The nation’s roads have become more hazardous than ever, and pedestrians bear the brunt of the danger. According to the Governor’s Highway Safety Administration (GHSA), the number of pedestrians killed in the United States rose by 25 percent between 2010 and 2015.1 That puts the pedestrian accident statistics for 2015 at a 25-year high.
A Closer Look at the Numbers
Preliminary pedestrian accident statistics for 2016 don’t look promising, either. Based on available data, the GHSA estimates that fatalities increased by 11 percent over the course of one year alone—the single biggest jump in history.
A few years ago, fewer than 5,000 people died every year while walking on or near roads. Just how many pedestrians were killed in 2016? Official statistics suggest we’re on track to see nearly 6,000 pedestrian deaths per year.
What’s behind the statistics? Why are more pedestrians dying now than at any time in the past quarter-century? No one knows for sure, but they have put forward a number of educated guesses.
What Accounts for the Unprecedented Numbers?
Most likely, the spike in pedestrian deaths is the result of not just one cause, but many combined factors. For one, a stronger economy means more cars on the road and more people commuting to work. Low gas prices have also given people the incentive to drive more often. More miles driven equates to more accidents, and that leads to more deaths.
Yet that’s only part of the story. The rest might be explained by one word: distraction. Nowadays, both drivers and pedestrians are spending more time looking down at their phones and less time paying attention to the road in front of them. Even the proliferation of mobile devices doesn’t account for everything, though.
Indeed, the leading cause of pedestrian accidents remains the same as always: speed. To a pedestrian, the difference between 20 miles per hour and 40 miles per hour can be the difference between life and death, or at least between a 10 percent and an 80 percent chance of dying.2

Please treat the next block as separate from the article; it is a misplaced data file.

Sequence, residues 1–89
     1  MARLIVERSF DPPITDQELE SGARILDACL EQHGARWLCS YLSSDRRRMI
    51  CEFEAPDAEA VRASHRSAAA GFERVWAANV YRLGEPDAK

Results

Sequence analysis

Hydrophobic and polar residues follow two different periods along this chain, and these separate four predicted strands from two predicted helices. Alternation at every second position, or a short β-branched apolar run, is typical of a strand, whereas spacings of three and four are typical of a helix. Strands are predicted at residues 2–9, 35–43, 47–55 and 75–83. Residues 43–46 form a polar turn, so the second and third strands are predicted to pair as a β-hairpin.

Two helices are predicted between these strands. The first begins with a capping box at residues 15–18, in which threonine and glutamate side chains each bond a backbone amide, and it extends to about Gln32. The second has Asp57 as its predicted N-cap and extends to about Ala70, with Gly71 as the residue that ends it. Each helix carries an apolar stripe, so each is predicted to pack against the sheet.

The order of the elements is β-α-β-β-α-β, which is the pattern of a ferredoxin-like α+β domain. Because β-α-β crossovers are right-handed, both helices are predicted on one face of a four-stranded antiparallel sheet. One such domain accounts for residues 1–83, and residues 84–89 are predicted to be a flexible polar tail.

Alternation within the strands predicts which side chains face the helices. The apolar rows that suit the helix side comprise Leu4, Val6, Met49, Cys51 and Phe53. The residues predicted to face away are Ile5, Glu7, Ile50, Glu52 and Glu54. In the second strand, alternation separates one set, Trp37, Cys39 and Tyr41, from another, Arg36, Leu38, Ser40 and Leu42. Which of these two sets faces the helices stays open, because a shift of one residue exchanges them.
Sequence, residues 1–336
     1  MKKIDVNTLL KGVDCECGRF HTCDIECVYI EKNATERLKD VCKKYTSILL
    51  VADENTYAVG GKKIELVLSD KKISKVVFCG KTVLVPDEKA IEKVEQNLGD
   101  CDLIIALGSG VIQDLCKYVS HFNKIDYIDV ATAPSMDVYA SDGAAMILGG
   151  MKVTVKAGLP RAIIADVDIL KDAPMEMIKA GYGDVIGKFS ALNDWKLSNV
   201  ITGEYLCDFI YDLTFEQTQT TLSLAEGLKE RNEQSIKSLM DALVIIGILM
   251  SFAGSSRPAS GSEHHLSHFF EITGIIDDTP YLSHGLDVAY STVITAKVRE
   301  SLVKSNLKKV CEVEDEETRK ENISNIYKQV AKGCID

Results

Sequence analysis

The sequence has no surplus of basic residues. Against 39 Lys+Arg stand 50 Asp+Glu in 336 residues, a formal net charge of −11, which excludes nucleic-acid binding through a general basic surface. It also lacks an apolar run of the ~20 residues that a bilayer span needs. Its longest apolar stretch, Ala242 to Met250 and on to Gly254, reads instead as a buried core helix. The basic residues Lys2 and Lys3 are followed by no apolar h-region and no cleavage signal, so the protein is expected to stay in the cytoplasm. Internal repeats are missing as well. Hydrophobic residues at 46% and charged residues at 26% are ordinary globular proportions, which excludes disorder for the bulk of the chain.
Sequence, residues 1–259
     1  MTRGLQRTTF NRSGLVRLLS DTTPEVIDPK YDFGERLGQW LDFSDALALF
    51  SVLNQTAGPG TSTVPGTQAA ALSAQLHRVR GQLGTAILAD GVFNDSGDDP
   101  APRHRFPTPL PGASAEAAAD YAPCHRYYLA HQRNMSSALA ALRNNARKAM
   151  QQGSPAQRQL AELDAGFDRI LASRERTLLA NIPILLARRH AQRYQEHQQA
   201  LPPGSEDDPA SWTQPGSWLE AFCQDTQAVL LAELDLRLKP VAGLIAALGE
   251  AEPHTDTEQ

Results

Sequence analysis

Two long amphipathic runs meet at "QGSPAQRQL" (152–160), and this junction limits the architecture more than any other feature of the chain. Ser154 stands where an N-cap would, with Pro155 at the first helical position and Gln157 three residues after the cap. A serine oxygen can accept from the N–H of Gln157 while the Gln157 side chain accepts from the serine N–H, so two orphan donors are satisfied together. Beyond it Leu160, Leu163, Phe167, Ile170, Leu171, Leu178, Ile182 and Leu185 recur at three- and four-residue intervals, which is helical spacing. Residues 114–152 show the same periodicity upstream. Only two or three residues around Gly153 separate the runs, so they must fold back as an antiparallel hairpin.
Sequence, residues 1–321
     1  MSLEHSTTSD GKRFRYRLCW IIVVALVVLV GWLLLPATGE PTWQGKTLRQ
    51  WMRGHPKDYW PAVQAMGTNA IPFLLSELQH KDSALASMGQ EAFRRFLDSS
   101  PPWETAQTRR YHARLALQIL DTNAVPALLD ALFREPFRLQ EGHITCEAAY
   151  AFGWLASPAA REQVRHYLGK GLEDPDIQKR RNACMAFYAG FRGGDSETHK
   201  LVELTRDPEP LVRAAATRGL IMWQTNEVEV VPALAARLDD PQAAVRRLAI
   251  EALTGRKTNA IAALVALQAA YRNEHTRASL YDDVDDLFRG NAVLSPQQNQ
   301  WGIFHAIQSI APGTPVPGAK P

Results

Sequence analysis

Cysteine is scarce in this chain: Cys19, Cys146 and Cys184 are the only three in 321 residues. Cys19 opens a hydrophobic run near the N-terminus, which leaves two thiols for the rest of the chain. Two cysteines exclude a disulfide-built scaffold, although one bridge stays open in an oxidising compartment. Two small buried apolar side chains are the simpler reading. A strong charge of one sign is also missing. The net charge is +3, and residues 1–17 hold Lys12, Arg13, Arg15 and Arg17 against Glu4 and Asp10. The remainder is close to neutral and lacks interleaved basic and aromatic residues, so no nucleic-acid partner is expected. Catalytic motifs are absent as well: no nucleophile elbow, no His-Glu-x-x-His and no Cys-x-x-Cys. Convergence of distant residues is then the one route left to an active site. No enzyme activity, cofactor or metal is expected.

How to Stay Safe
It’s not easy to avoid all road hazards, but there are some steps pedestrians can take to minimize the risks. For one, walkers should always wear bright or reflective clothing at night, since 74 percent of fatalities occur after the sun sets.1 In addition, they should stay sober and keep their phones in their purses or pockets, at least until they’ve stopped in a safe spot.
Cities and car manufacturers can also play a role in protecting pedestrians. More sidewalks, better road and intersection designs, and smart alert technology can all help reduce the fatality rate. Finally, drivers bear the greatest responsibility. It’s up to them to stay sober, stay alert, and keep their speed down to safe limits.
What to Do When Tragedy Strikes
If you’re one of the thousands of people who have been injured in a traffic accident while walking, there are steps you can take to recover damages. Family members who have lost loved ones to pedestrian accidents can also seek redress through the legal system. The first step is to call a seasoned car accident lawyer.
At Schechter, McElwee, Shaffer & Harris, L.L.P., we specialize in helping accident victims obtain compensation for medical expenses, lost wages, and loss of earning capacity, as well as pain and suffering, loss of companionship, and quality of life damages.
Know your legal rights. Reach out to an auto accident lawyer today to receive a free consultation.